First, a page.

If you can’t agree on property matters, you may need to appeal to the Court to resolve the impasse. This will increase costs but may be unavoidable. Here are some tips to approach a contested property order.

  1. Understand Your Rights
    Before entering negotiations, understand your legal rights and what you’re entitled to in a separation. This knowledge can make negotiations more straightforward and prevent costly disputes.
  2. Legal Aid
    Legal aid services can provide free or low-cost assistance with your property order
    if you’re eligible.
  3. Prepare Documentation
    Gather all necessary financial documentation, including assets, debts, income, and expenses. This preparation can streamline the process and eliminate the need for a lawyer.

Do you need legal assistance with your divorce? Our divorce lawyers are here to help.

Parenting arrangements

As with property settlements, parenting arrangements can be organised formally or informally. When there are children involved, their best interests are paramount. Here are your options and how to pursue them.

Informal parenting agreement

  1. Discuss Expectations
    Discuss each parent’s expectations, concerns, and priorities regarding the children’s upbringing. This includes education, health care, and living arrangements.
  2. Cover All Bases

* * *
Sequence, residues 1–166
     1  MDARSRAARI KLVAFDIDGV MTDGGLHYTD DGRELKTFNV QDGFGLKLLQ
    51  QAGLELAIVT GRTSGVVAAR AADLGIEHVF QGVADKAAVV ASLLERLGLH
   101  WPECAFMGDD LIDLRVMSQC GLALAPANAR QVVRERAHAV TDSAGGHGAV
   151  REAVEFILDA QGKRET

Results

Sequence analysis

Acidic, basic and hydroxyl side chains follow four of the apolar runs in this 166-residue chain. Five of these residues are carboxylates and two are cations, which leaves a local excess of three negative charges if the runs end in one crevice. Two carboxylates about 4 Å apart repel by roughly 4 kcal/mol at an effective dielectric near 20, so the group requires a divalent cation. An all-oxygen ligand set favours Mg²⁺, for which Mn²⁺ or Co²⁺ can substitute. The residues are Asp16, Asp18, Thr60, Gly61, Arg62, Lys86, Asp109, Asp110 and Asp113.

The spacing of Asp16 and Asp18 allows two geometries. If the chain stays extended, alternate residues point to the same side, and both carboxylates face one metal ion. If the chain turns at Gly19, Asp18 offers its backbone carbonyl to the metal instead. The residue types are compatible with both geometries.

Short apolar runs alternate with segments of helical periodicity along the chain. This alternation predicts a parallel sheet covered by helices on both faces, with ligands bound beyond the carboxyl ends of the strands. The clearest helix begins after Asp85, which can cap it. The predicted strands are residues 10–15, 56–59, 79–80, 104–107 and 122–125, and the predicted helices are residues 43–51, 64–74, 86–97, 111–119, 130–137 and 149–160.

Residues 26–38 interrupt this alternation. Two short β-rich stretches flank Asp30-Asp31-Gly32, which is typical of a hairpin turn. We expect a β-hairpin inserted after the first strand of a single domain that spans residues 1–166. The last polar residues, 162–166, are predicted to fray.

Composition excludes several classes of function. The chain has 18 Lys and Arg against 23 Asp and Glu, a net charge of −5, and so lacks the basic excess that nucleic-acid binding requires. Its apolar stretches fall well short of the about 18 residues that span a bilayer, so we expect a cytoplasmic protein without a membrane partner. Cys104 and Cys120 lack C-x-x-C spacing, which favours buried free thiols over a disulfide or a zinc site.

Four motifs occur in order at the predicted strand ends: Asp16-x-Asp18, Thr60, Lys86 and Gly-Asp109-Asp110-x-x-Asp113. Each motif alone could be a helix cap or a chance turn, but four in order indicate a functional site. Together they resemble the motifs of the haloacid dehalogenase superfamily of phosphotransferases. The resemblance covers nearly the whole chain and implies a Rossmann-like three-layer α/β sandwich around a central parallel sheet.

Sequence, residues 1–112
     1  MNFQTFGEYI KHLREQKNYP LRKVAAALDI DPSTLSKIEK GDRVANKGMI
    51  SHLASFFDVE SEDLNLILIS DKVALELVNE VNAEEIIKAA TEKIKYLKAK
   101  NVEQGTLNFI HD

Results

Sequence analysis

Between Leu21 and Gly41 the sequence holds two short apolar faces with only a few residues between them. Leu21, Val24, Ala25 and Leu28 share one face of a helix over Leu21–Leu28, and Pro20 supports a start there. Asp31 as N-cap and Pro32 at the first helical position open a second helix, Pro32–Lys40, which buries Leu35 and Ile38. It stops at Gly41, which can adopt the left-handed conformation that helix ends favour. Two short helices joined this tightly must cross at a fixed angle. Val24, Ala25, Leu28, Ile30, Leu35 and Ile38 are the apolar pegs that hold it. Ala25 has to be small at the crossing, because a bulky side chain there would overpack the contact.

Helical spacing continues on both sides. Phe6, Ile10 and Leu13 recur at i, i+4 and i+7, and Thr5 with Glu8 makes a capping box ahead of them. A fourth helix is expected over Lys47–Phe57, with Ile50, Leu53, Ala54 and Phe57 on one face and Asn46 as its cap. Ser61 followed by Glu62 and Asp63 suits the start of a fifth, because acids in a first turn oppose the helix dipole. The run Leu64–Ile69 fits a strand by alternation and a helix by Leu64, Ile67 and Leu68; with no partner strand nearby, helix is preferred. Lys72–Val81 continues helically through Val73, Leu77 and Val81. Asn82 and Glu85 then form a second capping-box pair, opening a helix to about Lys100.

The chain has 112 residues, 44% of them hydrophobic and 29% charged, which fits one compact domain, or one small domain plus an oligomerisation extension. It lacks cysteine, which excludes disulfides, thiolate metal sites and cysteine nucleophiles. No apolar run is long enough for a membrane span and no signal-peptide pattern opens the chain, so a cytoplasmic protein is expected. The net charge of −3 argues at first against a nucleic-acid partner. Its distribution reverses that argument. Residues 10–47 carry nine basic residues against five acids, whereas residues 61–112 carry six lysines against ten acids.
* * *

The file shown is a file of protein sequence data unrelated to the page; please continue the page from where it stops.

Create a comprehensive plan that covers daily routines, holidays, special occasions, and how to handle unexpected situations or emergencies.
  3. Write It Down
    Document your agreement in writing, including schedules, decision-making processes, and financial arrangements regarding the children. This isn’t legally binding but can help clarify understanding and expectations.
  4. Plan for Disagreements
    Include a plan for resolving disagreements, whether through mediation, counselling, or another agreed-upon method, to avoid conflicts escalating.

informal parenting agreement (1)

Parenting order

Making a formal parenting order work while avoiding solicitor fees in Australia requires careful planning and cooperation between parents. It would be best if you were willing to navigate some legal processes independently. Here’s how you can approach this.

  1. Family Dispute Resolution (FDR)
    Before applying for a parenting order, you must attempt family dispute resolution unless your case involves urgency or family violence. FDR is a mediation process that helps separated parents agree to parenting arrangements. Successfully reaching an agreement here can avoid the need for court intervention.
  2. Parenting Plan
    If you reach an agreement through FDR or negotiations between yourselves, you can draft a parenting plan. While a parenting plan is not legally enforceable, it can be submitted to the Court to be made into legally binding consent orders.